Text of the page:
You hire a “landscape professional” because they should, and you assume they do, know their business and are knowledgeable about horticulture, right? Bad assumption! This is one service profession that uses more unskilled labor than most, which are often sent to do work not properly trained and/or unsupervised, and can burn you big time by making critical mistakes that are more costly to you in the long run. Since a majority of such these very hard working people are Spanish speaking, communications can be a problem. Whether it be to construct a new landscape or maintain an existing one, certain practices used are just plain incorrect and will lead to undesired results. Some of the biggies include:
Mowing lawn at improper heights
Use of weed and feed chemicals – a real no-no!
Fertilizing at the wrong time of year
Pruning trees and shrubs at wrong time of year
“Crepe Murder” and butchering rather than properly pruning plants other than Crepe myrtle.
Mulching incorrectly (piling mulch around base of trees)
Planting and staking trees incorrectly resulting in girdling and injury
This is not to say that there aren’t true professionals out there who really know their business. It is just a warning to be careful who you hire before spending the big bucks for their services. One way to prevent this is to become more knowledgeable yourself and learn proper gardening and landscaping practices even though you hire out the labor. Let’s briefly go through the list above.
Mowing lawn at improper heights: Different turf grasses require different maintenance practices. St. Augustine should be mowed at no less than 3” high as this warm weather grass requires moisture around the roots and taller cuts shade the roots to reduce ground water evaporation. Zoysia and Bermuda can be cut to 1 to 2 inches high but also benefit from not being scalped. A scalped lawn will suffer greatly during drought and extreme heat. Buffalo grass should rarely be mowed and if trimmed, left to 3-4” height.
Use of Weed and Feed products: This is a scam to say the least. The weed killer is for pre-emerging weed seed only and should be applied during late before germination whereas the feed elements are of no use for warm weather grasses until late spring and early summer when active growth begins. The toxicity of the weed killer can also kill your trees and shrubs. Don’t waste your money on these and help keep our environment healthy.
Fertilizing at the wrong time of year: When plants are entering or in natural dormancy, they should never be fertilized. When plants/lawns begin active growth is the proper time to do this. There is no better fertilizer than natural compost and other organic fertilizers which aid in feeding the micro-organisms in the soil that are beneficial to plant root growth. Knowing the right fertilizer formula and elements and when to apply them is also important. To do otherwise could cause harm to your plants/lawn and just waste money.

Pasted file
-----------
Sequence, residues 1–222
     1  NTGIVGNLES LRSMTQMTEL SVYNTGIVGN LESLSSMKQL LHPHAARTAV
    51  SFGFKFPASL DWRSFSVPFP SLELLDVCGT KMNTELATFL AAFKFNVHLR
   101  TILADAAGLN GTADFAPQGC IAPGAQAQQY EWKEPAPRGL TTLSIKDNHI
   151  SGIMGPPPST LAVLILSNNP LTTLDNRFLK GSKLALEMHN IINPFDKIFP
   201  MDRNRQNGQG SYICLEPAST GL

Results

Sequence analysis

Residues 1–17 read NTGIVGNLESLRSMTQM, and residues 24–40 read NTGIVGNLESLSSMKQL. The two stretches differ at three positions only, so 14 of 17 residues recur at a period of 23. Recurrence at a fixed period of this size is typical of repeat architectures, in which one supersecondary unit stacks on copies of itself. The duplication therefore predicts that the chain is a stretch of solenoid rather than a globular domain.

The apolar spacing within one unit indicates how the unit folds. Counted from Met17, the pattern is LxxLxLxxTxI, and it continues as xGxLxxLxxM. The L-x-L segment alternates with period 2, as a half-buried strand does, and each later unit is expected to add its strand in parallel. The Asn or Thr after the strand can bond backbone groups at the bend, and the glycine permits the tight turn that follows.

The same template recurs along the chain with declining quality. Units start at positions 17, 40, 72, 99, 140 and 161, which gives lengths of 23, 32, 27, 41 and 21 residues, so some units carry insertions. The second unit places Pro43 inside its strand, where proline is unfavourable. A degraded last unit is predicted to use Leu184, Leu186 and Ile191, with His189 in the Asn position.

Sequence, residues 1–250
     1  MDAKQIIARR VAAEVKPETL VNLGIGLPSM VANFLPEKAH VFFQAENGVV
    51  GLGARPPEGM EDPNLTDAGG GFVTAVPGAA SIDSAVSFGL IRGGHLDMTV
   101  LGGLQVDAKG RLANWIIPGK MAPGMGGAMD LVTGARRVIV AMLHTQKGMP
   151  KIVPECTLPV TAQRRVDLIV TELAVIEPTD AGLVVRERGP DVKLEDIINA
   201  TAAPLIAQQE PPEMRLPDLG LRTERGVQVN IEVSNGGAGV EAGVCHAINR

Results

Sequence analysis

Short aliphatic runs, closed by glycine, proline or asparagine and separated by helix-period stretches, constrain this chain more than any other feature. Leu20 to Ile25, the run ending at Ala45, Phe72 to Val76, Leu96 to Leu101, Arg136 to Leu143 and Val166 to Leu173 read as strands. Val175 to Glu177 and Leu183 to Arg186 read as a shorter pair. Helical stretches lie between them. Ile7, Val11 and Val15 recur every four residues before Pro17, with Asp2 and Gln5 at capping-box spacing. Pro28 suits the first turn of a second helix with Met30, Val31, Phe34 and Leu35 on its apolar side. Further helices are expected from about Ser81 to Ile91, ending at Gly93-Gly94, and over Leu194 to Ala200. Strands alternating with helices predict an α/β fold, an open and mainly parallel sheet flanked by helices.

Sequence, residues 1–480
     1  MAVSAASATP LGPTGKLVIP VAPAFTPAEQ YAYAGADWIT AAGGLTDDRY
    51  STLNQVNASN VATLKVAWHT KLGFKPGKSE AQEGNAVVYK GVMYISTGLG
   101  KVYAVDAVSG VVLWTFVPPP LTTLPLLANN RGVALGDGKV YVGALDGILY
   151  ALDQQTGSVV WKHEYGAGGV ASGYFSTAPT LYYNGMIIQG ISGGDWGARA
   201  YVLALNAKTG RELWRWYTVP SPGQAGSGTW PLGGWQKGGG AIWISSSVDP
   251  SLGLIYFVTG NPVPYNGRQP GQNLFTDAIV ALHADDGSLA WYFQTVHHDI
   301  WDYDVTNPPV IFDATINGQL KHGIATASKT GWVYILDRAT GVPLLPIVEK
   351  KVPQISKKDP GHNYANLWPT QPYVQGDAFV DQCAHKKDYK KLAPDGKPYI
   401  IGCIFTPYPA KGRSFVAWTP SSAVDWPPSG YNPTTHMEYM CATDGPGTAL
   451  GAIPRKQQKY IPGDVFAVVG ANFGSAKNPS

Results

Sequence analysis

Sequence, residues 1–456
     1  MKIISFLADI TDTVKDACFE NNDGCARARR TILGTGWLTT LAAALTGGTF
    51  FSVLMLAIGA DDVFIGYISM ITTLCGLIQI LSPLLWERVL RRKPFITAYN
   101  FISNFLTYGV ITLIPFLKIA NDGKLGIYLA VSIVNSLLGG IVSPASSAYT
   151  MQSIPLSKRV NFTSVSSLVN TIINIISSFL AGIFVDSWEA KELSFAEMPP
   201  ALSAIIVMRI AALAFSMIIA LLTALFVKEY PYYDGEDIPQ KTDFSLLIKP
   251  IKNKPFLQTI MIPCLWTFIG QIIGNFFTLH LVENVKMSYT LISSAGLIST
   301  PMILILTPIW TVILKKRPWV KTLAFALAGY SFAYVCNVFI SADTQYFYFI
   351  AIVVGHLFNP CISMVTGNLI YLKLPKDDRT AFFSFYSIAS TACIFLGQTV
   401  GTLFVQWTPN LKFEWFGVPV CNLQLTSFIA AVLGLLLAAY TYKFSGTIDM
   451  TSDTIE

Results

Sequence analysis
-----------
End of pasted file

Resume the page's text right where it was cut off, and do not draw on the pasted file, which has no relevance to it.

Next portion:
Pruning trees and shrubs at the wrong time of year: In the case of Live Oak and Red Oaks, pruning from February thru June is a no-no! This is when the tiny Nitidulid Beetle which spreads this disease is most active. Other pruning, e.g. shrubs, should be done in fall for deciduous plants and spring for evergreens as pruning encourages new growth and the season must be right for this.
“Crepe Murder”: Never prune more than one-third of any shrub at any time. A major crime to your crepe myrtles is to cut them back more than that, or in the case of mature plants, only tip prune old seed pods when dormant and if out of reach, don’t prune at all. Cutting back severely causes weakened supportive growth and stunting. Proper pruning can help you shape your plant or small tree when done at the correct time as mentioned above. A tall shrub can be pruned to grow tree-form or as a shaped shrub over time. You can always prune more, but never replace portions of a plant once cut.
Mulching incorrectly: Placing a mound of mulch around a shrub or tree base (known as volcano mulching) does more harm than good. Somehow, landscapers get the idea that this looks good, so why not do it. Here’s why. There is a distinct separation of plant growth zones between roots and the above ground growth (stem/trunk). If part of the trunk is buried, those plant cells will differentiate and begin producing roots above ground level, plus bark can be more easily infected by disease organisms. The benefits of mulching are tremendous, but not in contact with the base of plants or trees.
Planting and staking trees incorrectly: When a new tree is planted, it is always best to start with as small a plant as is acceptable, knowing it will take so many years for it to grow to maturity. In the case of planting more mature trees, often stakes with padded wires are looped around the trunk are attached to provide stability while roots are getting established. Never should such staking last more than 2 years, or even less if possible. The trees are growing in width as well as height and the expanding trunk will override the attached supports this weakening the trunk or even girdling it which will result in death of the tree. Staking should only be done if absolutely necessary!
This covers some of the biggest, but not all the mistakes I’ve observed on a recurring basis. So, when in doubt about whether a landscaping or maintenance contractor is doing the right thing, try consulting third party knowledgeable, sources for advice, such as trained master gardeners, or persons affiliated with non-profit horticultural help organizations. “Let the buyer beware” especially applies to the professional landscape and maintenance businesses which are not subject to following accepted and proven horticultural practices. The customer pays the price in more ways than one. Below are some examples of plant crimes committed by landscape professionals! I love the picture of the topped Agave! It’s too sad to be funny!